With elaborate graphics, clickable image-maps and its own Internet software kit, The Toronto Star moved on the Web on March 30, 1996. Like hundreds of other North American newspapers already on the Net, the Star (www.thestar.com) transferred almost every section of its paper online: News, Entertainment, Life, Wheels and the money-making Classifieds, among others. Each of the stories appeared exactly as it did in the newsprint version, but without the discipline of column rules. Unformatted, these stories spilled across the page like a typographer’s nightmare.

While many online newspapers have this problem, it’s one that is easily solved with simple formatting. Given that the Star has been online for almost a year, it’s surprising that the site still has such disorderly pages. Even more surprising is that the Star has apparently disregarded the Net-culture’s emphasis on user-friendly interaction. The best way to get a Star employee’s e-mail address is not through the Web site—as one might think—but rather to phone the person and ask for it. And even then, I had difficulty actually contracting someone, anyone, to talk about the site. After months of trying both voicemail and e-mail, I finally was able to speak with someone at the Star’s parent company: Michael Pieri, the operating director of Torstar Electronic Publishing. He did mention—in a very brief interview— that the paper does plan changes for its Web site, but wouldn’t specify what they were.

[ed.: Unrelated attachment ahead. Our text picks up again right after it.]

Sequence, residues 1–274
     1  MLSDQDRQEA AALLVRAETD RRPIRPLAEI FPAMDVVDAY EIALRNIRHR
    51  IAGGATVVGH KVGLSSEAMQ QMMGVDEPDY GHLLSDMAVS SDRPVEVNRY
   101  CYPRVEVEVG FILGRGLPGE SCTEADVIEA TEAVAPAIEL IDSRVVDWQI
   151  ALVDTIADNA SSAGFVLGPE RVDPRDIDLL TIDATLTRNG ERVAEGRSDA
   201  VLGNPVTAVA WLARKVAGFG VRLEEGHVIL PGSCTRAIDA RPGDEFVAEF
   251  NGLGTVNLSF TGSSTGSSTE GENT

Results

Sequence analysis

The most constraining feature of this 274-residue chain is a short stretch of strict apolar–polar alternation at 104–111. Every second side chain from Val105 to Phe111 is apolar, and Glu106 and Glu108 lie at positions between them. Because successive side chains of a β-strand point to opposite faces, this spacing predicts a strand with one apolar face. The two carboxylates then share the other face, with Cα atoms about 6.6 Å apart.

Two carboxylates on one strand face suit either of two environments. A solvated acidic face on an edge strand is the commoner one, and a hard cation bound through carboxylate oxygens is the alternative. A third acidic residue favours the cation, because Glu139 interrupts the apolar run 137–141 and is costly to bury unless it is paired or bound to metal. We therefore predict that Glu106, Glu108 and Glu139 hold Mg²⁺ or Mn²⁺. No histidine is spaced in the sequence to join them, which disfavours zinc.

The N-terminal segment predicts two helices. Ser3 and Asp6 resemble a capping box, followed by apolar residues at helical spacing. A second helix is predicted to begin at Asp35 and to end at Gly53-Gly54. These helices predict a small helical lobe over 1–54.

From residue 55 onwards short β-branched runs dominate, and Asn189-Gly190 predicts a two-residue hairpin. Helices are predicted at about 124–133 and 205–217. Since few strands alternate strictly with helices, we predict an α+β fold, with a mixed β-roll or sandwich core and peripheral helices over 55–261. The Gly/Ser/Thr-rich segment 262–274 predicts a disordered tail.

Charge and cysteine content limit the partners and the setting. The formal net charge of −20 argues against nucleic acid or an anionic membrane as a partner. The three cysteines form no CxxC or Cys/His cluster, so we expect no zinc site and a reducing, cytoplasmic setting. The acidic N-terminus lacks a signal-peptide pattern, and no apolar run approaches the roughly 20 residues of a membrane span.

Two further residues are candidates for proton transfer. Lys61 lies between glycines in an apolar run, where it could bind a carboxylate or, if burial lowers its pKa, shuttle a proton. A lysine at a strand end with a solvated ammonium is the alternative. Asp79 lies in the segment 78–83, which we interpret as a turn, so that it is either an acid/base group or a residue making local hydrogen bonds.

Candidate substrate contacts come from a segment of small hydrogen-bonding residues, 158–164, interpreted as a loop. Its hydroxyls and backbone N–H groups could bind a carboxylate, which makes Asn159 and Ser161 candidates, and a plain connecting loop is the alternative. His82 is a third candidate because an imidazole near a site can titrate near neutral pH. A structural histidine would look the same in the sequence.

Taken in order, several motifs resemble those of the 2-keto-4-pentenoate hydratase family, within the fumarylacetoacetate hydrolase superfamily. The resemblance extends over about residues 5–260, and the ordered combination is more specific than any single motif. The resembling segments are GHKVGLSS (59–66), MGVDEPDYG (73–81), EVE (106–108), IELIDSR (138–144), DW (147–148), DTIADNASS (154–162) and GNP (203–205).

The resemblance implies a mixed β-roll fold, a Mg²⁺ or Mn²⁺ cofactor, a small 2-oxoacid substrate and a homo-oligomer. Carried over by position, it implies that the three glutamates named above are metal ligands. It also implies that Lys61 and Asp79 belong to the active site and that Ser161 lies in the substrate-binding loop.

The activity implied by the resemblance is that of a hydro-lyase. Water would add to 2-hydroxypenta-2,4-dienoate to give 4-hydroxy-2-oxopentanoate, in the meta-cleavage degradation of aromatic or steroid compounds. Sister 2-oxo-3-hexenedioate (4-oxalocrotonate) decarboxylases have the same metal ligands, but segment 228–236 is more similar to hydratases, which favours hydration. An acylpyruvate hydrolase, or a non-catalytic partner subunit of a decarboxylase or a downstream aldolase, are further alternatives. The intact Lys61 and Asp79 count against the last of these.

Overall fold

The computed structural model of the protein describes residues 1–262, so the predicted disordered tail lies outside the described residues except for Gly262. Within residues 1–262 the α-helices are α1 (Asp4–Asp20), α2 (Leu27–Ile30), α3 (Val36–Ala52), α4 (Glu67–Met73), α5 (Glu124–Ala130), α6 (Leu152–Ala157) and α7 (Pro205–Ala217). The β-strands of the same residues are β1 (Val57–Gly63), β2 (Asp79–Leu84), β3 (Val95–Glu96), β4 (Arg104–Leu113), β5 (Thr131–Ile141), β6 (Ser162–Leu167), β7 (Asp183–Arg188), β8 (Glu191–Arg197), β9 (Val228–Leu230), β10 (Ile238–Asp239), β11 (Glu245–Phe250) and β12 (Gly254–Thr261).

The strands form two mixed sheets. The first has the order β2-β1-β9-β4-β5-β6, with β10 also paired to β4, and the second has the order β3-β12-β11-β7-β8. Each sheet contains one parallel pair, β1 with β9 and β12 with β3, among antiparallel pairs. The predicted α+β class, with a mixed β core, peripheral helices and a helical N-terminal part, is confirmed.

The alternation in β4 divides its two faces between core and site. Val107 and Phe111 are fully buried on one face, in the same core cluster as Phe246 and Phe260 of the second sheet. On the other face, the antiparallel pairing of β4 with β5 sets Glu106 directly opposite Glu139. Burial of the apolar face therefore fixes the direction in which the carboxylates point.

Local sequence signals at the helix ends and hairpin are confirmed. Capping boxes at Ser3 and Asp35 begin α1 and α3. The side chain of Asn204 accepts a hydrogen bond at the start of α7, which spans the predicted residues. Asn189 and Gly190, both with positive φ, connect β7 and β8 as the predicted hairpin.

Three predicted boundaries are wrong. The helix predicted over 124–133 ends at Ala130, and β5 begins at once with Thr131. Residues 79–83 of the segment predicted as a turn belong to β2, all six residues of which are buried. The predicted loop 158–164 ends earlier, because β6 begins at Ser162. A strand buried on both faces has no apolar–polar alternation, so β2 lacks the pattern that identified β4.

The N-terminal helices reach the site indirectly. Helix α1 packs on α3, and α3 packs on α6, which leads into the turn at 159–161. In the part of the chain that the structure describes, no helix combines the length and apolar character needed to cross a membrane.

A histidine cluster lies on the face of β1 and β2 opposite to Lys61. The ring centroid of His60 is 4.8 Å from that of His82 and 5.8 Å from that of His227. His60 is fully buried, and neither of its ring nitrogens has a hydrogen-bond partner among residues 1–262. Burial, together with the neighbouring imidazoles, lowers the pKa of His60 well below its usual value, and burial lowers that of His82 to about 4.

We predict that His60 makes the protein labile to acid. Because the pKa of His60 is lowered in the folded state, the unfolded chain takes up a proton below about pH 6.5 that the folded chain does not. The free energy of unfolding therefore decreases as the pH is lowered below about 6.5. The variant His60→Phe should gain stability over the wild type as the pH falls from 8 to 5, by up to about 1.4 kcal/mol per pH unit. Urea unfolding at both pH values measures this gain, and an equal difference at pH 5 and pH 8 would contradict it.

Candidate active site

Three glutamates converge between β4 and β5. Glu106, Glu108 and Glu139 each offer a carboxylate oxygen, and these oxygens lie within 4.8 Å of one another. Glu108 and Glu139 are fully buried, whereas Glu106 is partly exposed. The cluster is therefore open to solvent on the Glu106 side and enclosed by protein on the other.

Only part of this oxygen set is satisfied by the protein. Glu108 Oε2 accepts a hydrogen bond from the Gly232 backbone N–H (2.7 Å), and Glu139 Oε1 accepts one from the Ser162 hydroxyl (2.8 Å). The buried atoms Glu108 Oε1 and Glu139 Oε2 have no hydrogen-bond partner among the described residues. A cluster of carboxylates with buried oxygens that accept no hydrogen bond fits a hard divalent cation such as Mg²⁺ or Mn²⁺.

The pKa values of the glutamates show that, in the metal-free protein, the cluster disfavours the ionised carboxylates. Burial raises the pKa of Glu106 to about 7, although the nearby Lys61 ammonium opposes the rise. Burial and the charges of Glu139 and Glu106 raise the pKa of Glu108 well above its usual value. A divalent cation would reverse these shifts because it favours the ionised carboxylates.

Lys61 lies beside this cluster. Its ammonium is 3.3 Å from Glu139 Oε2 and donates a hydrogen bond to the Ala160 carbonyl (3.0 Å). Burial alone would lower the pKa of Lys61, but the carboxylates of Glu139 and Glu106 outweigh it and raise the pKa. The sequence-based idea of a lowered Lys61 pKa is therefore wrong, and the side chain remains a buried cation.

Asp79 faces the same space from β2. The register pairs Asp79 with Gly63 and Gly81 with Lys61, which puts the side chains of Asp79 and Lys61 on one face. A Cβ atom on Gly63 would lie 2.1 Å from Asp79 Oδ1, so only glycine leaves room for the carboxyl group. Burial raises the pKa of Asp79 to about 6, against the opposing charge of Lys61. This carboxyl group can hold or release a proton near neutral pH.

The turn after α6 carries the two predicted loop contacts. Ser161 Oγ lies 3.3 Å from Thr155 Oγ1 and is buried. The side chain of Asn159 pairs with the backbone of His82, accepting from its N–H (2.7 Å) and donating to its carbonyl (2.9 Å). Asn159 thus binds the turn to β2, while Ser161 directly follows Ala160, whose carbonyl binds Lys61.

Unfortunately, my experience is a common one for online newspaper readers across North America, as J.D. Lasica noted in a November 1996 article for the American Journalism Review. “Anyone who has ever called a newsroom,” he wrote, “only to be shuffled from one gruff or impatient voice to the next, knows full well the message we in the news media project. Inaccessibility. Aloofness. Remoteness.”

The Toronto Star site operates, it would appear, within a closed system—much like the print version, where reader feedback exists exclusively as letters to the editor. By contrast, successful online publications allow people to interact with one another and the site by encouraging readers to comment on stories and the threads they create. Interaction on the Web can range from simple e-mail-based comment forms to full-scale discussion forums.